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Scenes from Iraq: ‘Death would be better than this life.’

The clean-up begins at the site of one of the car bombs that struck in the Baghdad neighborhood of Karrada. (Loveday Morris/Washington Post)

The coffin of a 19-year-old was lifted high on the shoulders of his loved ones and carried down his street, where a hanging banner urged young men to answer the call to wage jihad against Sunni insurgents.

Like many of his Shiite comrades, the young tea seller signed up to fight, but he did not get to see the battlefield. Instead the militants brought the war to his doorstep.

Ahmed Ibrahim was one of more than a dozen to die in a double car bombing on a busy commercial street of the central Baghdad district of Karrada on Thursday night. Flowers were carried on a white tray at the head of the parade, a somber nod to the wedding he will never have. The wails of a stream of women cloaked in black were his funeral march.

His death is nothing notable in the Iraqi capital, where explosions frequently punctuate life, or snuff it out. The stomach churning reverberation of a bombing, the crushed glass, the twisted metal and spilled blood are all too familiar to this city's residents.

The coffin of Ahmed Ibrahim, 19, is carried away for burial on Friday. (Loveday Morris/Washington Post)

In recent days, militants have ramped up bombings as the Muslim holy month of Ramadan draws to an end. Residents fear that the insurgents from Islamic State, buoyed by advances and their declaration of a caliphate, will use the month's last auspicious days to launch high profile attacks.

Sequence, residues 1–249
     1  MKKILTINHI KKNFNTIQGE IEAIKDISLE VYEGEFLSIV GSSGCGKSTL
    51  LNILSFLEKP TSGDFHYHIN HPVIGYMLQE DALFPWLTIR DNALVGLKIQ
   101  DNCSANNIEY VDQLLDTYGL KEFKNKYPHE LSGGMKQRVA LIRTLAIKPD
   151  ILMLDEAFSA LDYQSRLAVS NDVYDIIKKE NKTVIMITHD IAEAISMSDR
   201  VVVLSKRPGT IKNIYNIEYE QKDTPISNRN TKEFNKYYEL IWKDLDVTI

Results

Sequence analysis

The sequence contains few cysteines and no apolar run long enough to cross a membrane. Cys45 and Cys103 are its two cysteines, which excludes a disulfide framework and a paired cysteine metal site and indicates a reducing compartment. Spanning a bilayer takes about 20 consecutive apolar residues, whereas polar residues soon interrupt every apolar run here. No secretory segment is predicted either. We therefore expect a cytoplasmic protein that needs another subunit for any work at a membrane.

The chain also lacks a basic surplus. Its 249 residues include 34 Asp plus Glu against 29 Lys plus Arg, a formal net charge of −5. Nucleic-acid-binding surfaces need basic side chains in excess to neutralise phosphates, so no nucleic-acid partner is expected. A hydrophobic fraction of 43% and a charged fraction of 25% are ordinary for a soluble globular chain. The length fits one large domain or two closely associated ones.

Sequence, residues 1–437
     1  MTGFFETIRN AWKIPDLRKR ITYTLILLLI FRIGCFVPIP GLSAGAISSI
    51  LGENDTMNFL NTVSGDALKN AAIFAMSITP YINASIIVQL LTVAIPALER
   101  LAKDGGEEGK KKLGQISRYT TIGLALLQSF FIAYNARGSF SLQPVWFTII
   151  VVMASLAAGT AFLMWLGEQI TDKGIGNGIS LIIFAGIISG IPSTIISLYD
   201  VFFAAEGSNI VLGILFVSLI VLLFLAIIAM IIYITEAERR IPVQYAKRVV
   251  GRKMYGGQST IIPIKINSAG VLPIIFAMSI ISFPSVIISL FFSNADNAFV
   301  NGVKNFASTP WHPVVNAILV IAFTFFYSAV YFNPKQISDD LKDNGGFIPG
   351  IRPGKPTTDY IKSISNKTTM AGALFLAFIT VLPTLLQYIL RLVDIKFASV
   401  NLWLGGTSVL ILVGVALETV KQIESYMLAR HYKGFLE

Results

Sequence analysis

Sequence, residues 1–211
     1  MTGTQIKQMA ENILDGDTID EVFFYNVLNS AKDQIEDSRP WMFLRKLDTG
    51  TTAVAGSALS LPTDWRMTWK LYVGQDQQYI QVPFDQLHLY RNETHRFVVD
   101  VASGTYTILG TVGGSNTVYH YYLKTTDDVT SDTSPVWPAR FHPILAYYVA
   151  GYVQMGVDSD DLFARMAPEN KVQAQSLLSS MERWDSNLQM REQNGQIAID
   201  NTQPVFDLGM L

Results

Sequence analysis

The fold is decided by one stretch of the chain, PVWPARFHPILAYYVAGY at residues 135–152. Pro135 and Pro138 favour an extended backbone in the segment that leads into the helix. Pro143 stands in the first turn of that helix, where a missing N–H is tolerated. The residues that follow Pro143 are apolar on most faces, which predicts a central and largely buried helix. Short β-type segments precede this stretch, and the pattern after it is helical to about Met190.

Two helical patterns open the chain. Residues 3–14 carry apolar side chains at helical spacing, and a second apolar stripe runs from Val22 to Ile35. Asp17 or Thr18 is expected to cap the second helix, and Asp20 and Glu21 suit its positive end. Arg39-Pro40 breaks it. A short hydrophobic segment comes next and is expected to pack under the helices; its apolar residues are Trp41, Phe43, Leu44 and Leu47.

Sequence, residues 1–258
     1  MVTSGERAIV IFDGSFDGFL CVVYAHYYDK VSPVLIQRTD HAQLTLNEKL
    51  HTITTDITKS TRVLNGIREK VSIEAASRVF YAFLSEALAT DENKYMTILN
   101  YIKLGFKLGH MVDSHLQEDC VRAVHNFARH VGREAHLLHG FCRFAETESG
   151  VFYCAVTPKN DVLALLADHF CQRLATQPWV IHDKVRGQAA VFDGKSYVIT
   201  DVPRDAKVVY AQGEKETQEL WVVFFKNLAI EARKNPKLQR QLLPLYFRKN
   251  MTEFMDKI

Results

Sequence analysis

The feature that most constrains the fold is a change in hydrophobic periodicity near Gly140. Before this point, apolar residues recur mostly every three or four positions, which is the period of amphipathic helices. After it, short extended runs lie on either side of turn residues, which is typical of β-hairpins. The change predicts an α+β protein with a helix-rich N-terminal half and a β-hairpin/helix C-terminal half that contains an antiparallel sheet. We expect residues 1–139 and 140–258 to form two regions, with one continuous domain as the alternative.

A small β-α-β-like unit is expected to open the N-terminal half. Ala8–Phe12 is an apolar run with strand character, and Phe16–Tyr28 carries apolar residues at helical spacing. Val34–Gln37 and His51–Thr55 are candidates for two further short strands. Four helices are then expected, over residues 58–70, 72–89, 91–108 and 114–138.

They are thankful for small mercies. Thursday’s bombing took place just after sunset, when families had sat down to break their fast. The streets were emptier than usual.

Forty-five-year-old Hayat Mohsen's family of four were gathered for their evening meal when their living room imploded around them, the doors and windows blown in. It's the third time her apartment has been damaged in a blast. She says she can't afford to move. Last Ramadan a bombing killed her neighbor's three sons.

Outside, Ashraf Hussein, 27, had left the juice cart where he works to get food, no doubt saving his life. The bomb went off as he was returning, leaving his cart a scorched shell covered in chunks of flesh.

He levels blame not only at the militants, but the government and Shiite militias for fueling the cycle of sectarianism.

“Why don’t they just drop a nuclear bomb on us and be done with it?” he shouts, as he watches workers sweep up the broken glass. “Death would be better than this life.”

Loveday Morris is The Post's Baghdad bureau chief. She joined The Post in 2013 as a Beirut-based correspondent. She has previously covered the Middle East for The National, based in Abu Dhabi, and for the Independent, based in London and Beirut.



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